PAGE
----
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LIS 725

Jodi Wortsman
Learning Reflection Journal #1
Intellectual Freedom

A Personal Reflection to:


Intellectual Freedom: Leadership to Preserve Minors Rights in School Library Media
Programs
By Helen Adams

I have been very interested in intellectual freedom ever since my daughter was in
kindergarten and brought home the book, The 500 Hats of Bartholomew Cubbins by Dr. Seuss.
As a parent, I was disturbed by the many attempts of the King to remove Bartholomews hats
by cutting off his head or executing him in some fashion. I brought up my concerns to the
school librarian who educated me on the concept of intellectual freedom. I became aware of
the responsibility of the librarian to provide access to all information for all students, and the
right of a parent to monitor his/her childs reading material. I have come to believe strongly
that my personal opinions should never limit access of materials to others.
I am now an assistant librarian in a middle school with a fairly homogenous student
body. One of the selection criteria suggested by Adams in her article resonated with me. It
states that the collection should represent the various religious, ethnic, gender, and cultural
groups and their contributions to American heritage. It is very easy not to buy or display
certain materials because our kids wont relate to that. While I am not in charge of
purchasing materials, I do put them on display. I need to ensure that I show a diverse
representation of all cultures, not just those in our community. As one of my GSLIS professors
always said, the books in our library should be a reflection of our students and a window to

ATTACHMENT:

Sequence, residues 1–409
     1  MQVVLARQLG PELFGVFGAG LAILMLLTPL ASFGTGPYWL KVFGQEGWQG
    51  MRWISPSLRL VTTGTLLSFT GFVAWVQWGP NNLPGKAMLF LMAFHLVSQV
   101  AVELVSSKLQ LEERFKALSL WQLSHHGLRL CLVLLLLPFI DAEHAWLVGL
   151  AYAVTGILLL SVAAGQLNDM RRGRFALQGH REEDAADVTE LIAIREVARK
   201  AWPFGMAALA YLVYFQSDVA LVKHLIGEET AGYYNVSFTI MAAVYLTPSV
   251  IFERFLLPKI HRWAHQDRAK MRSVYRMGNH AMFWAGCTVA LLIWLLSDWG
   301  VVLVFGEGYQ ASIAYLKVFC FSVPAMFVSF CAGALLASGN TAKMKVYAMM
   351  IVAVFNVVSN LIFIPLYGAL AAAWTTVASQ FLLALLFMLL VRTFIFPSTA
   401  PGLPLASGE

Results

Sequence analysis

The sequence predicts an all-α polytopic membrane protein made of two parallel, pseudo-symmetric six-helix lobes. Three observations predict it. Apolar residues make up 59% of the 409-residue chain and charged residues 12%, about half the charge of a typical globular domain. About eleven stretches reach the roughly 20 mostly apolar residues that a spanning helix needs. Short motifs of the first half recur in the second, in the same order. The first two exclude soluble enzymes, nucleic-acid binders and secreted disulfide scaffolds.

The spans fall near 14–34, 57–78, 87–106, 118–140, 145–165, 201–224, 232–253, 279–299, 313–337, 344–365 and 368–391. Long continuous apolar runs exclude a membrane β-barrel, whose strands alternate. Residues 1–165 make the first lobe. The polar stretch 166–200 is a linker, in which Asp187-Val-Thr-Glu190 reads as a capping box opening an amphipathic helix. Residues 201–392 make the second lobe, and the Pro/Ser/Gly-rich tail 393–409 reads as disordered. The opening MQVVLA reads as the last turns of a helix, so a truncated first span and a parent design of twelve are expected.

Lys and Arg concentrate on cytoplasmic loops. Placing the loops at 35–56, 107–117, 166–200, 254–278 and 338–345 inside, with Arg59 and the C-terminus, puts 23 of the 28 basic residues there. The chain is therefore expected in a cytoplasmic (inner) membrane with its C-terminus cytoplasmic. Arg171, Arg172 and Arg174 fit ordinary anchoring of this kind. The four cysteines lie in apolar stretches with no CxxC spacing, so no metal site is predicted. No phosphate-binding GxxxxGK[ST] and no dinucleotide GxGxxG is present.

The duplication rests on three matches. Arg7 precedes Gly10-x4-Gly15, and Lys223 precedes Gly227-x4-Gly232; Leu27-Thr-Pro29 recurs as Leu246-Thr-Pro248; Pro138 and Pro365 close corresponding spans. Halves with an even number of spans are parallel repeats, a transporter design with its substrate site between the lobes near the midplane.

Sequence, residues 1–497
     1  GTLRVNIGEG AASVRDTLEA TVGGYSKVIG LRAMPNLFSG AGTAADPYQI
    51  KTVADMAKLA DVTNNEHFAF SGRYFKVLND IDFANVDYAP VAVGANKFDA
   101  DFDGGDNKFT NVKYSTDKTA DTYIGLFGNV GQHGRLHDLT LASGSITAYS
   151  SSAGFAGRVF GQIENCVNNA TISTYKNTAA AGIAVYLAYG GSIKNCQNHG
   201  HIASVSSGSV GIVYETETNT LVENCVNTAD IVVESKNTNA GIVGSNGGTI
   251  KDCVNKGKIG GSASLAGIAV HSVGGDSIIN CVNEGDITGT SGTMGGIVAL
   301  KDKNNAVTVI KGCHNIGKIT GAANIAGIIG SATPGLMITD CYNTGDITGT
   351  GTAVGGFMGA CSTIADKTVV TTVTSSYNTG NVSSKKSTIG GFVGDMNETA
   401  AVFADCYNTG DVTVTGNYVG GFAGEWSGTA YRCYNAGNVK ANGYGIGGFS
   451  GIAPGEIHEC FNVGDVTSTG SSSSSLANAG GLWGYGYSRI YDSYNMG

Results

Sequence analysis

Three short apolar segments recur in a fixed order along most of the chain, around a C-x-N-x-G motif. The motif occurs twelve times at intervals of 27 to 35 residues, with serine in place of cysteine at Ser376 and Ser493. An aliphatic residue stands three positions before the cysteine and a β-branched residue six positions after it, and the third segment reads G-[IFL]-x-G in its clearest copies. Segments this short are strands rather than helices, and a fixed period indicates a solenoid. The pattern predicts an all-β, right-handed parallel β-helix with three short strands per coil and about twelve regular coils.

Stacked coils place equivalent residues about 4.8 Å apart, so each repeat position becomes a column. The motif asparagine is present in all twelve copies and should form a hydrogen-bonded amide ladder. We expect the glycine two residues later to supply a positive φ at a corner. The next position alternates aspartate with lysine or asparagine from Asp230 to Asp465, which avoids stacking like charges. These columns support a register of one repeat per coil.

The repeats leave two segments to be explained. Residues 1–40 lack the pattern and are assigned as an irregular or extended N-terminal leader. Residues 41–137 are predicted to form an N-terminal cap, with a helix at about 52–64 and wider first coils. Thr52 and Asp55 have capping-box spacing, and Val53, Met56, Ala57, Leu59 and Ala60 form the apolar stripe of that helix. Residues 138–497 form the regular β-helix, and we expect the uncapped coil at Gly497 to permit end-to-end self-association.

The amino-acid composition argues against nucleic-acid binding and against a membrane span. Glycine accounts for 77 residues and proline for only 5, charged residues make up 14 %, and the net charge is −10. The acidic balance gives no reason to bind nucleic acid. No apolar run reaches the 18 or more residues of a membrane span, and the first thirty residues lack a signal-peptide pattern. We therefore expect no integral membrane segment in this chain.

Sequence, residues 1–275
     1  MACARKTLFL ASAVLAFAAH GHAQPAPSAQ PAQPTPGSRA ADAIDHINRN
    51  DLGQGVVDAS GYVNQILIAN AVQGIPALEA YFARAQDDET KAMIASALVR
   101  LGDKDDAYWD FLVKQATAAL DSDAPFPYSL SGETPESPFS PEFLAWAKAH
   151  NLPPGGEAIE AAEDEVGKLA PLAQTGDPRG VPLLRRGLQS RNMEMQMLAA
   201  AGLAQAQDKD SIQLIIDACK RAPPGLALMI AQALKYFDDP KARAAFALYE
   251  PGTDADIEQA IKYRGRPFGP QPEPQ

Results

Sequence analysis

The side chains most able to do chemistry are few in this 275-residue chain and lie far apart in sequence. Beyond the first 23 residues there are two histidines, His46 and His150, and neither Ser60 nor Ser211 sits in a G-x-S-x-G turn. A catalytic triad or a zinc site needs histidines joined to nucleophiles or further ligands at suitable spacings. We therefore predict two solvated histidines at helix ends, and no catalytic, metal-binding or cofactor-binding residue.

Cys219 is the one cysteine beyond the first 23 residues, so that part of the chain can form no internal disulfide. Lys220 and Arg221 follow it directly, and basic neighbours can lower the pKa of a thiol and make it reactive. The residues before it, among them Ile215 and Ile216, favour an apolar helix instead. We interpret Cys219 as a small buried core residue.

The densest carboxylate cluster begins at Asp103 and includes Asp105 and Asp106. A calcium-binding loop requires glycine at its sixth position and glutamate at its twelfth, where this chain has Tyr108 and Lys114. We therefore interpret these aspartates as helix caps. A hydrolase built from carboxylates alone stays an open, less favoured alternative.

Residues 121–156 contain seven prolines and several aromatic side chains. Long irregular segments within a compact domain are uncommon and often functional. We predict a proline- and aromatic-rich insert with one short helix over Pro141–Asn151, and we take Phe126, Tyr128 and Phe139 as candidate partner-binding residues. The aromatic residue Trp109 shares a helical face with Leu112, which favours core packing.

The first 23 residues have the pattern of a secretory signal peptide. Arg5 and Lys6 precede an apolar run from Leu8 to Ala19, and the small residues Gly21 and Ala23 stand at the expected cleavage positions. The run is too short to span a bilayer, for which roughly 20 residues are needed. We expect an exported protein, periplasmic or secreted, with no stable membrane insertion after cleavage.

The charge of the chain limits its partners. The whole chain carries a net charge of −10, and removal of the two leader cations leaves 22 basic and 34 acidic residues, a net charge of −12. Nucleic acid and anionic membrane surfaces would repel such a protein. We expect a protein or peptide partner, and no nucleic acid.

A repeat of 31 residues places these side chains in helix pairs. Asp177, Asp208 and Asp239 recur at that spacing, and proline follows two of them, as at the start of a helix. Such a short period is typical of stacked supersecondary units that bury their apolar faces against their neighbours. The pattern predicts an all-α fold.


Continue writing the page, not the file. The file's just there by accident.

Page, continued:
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LIS 725
Jodi Wortsman
Learning Reflection Journal #1
Intellectual Freedom

other cultures as well. Another selection criterion that resonated with me was ensuring that
the collection depicts diverse points of view on controversial topics. This tells me that a way
to combat bias is to provide both sides of an argument so that students have access to differing
perspectives and are free to make their own choices. This is particularly important in middle
school where students are maturing and making independent decisions. It is important that
they be educated on different points of view in order to make an informed decision.
I must admit that I felt a twinge of guilt as I read through the self-censorship checklist. It
stated that if you answer yes to any of the questions, you need to review your intellectual
freedom practices. I did indeed answer yes to several questions. For instance, I flip through all
of our magazines before I put them on the shelf, looking for offensive or inappropriate
advertisements or content. I have ripped out pages with ads for cigarettes, alcohol and male
enhancement products. Now I am rethinking my actions. While I do not want to promote these
things with young teens, I should not be restricting them from the information about products
that are legal when used by responsible adults. Another question on the self-censorship
checklist to which I answered yes discusses labeling controversial materials in order to warn
possible users. We put a teen sticker on all of our materials that are more mature in nature
and are geared towards our eighth graders. Since our students range in age from eleven to
fourteen, it is necessary to have a wide range of books with varying maturity levels. While all
students are free to check out anything, I discuss this teen designation with younger students
checking them out. In fact, this week we had sixth grade orientation to the library and I was